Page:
While those supporting church endorsements of candidates are still a minority, even among every religious group, other findings in this poll could provide an opening for candidates looking to talk more about religion on the campaign trail, or elected officials aiming to mix religion into policy debates.
A majority of those who see religion’s influence as positive, and a majority of Republicans and voters who lean Republican, believe there has been “too little” religious talk from politicians. Those figures are up five points from 2010 among the religion-is-positive respondents, and up nine points among the Republicans and Republican leaners. Sixty-eight percent of white evangelicals believe there has been too little religious talk from politicians, by far the largest percentage of any religious group.
By contrast, though, only 32% of Democrats and Democratic-leaners believed there was “too little” religious talk, a figure that has held steady since 2010.
Twenty five percent of respondents deemed the Democratic Party “unfriendly” to religion. But the religious breakdown of this response is worth noting: it’s most prevalent, by wide margins, among white evangelicals over other religious groups. Forty-seven percent of white evangelicals deem Democrats “unfriendly” to religion, while other are less sure: only 27% of mainline Protestants, 10% of black Protestants, and 24% of Catholics view the Democratic Party as “unfriendly” to religion. Notably, most Catholics—whose leadership expended much energy decrying and contesting the contraception coverage requirement in the Affordable Care Act—do not view the Democratic Party as “unfriendly” to religion.
Still, though, there has been an uptick in whether the public sees the Obama administration as “unfriendly” to religion, up 12 points since 2009, to 29%. But again, the negative views are concentrated in certain religious groups: 57% of white evangelicals see Obama as “unfriendly,” up 19 points since 2009. Among white Catholics, the percentage jumped from 17% in 2009 to 36% in 2014. But only 16% of Hispanic Catholics see the Obama administration as “unfriendly” to religion. In other words, the discontent is concentrated among white conservative religious voters.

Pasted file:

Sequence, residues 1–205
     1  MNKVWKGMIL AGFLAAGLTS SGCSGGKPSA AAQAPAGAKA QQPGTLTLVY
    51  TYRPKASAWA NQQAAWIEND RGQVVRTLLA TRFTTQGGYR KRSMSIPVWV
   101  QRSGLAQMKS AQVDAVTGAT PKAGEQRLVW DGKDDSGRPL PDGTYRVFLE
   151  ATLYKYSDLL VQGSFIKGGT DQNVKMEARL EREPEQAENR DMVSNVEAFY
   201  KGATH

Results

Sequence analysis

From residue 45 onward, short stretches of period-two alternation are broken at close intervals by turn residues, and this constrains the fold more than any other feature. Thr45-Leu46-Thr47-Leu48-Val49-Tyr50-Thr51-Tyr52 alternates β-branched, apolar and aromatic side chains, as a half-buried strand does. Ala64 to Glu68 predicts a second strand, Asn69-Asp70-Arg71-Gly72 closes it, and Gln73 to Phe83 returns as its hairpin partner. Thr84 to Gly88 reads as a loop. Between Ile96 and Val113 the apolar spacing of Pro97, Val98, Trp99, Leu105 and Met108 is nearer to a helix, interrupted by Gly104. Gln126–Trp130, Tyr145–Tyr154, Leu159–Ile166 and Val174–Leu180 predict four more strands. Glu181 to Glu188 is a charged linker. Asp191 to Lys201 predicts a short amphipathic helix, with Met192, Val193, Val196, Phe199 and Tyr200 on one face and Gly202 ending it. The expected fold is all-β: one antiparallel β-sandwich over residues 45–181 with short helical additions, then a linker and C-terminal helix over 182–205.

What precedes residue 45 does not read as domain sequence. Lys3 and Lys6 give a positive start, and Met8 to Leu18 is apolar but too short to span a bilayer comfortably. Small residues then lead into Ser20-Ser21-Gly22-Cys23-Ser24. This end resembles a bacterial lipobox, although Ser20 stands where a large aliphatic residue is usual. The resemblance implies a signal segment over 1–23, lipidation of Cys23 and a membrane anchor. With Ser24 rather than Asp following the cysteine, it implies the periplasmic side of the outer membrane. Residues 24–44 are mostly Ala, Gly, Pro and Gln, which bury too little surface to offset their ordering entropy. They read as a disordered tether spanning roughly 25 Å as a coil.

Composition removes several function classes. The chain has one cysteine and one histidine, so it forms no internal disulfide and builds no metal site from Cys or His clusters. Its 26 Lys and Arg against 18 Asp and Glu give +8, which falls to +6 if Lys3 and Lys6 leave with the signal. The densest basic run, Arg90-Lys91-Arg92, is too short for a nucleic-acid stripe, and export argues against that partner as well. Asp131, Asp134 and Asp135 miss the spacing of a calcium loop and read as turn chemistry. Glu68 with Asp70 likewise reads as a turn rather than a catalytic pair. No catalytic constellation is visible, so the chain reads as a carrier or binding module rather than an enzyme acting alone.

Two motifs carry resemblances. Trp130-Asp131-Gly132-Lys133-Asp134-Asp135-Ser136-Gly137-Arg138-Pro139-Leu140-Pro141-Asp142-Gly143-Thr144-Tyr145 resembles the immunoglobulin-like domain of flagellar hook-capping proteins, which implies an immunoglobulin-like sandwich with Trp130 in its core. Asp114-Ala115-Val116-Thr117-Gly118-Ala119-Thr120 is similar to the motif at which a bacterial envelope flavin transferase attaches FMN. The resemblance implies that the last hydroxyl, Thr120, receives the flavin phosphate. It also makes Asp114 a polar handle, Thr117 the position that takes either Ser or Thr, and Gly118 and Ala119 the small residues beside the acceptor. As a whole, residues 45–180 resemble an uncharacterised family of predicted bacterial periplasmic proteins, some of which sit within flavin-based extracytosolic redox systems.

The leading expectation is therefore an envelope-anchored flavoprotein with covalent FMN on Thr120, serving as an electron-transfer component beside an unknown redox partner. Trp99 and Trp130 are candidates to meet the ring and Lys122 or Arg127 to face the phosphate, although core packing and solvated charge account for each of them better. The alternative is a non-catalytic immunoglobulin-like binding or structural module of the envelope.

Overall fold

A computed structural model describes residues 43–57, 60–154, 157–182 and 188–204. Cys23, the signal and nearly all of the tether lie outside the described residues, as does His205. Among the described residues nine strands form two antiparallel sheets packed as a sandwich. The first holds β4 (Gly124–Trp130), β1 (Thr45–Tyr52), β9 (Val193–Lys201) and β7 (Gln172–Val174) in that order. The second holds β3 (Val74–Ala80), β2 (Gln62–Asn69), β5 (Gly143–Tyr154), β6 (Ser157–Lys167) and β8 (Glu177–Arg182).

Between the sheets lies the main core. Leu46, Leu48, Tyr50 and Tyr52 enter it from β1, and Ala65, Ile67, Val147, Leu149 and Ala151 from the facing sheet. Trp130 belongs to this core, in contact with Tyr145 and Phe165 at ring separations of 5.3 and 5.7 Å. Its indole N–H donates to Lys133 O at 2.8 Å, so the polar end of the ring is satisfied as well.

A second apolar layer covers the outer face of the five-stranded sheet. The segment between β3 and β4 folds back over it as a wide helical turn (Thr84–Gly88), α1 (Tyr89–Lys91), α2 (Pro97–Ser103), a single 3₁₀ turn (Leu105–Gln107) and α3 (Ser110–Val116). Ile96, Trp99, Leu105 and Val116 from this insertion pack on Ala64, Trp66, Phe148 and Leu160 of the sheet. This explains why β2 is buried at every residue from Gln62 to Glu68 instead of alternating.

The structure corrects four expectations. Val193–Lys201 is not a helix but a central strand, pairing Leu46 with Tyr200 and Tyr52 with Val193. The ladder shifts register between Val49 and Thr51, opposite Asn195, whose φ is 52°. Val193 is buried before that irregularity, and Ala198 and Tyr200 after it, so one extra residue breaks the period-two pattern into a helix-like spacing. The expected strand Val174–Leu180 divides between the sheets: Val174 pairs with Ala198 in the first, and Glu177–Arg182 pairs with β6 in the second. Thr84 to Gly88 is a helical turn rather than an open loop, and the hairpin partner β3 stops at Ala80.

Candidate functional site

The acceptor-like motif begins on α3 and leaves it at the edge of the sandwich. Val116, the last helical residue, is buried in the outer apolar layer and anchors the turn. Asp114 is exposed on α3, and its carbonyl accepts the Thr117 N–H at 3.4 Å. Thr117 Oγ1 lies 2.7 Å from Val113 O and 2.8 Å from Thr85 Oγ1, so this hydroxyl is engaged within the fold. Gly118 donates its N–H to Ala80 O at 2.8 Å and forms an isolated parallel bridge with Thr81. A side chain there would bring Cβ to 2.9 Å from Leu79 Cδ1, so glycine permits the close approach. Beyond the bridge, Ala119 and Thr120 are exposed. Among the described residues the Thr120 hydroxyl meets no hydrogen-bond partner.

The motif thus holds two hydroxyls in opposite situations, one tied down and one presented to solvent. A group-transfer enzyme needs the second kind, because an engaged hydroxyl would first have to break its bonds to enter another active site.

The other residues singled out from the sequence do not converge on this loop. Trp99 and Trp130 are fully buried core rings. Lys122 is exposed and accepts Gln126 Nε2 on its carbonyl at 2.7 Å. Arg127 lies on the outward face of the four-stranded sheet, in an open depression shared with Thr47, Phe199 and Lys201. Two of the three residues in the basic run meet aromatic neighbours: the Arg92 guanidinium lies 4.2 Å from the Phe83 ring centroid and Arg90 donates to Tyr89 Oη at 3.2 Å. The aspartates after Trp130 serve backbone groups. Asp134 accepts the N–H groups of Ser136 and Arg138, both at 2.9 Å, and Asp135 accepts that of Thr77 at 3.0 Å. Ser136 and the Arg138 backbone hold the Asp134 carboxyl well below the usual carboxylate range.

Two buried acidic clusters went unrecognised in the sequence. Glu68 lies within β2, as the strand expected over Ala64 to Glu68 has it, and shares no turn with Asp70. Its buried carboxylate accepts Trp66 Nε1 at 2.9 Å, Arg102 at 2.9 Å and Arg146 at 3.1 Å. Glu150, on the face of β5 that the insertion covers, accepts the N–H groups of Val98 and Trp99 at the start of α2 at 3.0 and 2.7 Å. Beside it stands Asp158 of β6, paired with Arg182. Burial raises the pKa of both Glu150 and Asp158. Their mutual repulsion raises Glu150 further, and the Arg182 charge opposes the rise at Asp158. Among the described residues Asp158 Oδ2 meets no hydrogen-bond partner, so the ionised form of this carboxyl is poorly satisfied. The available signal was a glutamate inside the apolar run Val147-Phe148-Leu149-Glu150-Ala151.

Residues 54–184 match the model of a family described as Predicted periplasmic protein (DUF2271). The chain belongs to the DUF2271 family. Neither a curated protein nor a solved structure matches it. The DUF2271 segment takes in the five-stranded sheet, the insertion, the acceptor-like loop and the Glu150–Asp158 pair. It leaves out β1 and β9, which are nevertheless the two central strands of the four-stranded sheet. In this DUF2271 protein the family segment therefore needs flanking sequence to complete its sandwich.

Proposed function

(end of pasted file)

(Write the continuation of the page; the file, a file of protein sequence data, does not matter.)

Seventy-two percent of white evangelicals identify with the Republican Party. In the poll, they expressed dissatisfaction with the way the party is representing their interests, with a majority saying it failed to represent their interests on government spending, same-sex marriage, and immigration—because the party has been too liberal on those issues.
The growth of the nones has lead to many premature conclusions about the decline of religion in politics. This poll, of course, is just one poll, and no one can predict how these findings could manifest themselves in 2014 and 2016. But we could be seeing more religious talk in politics, not less.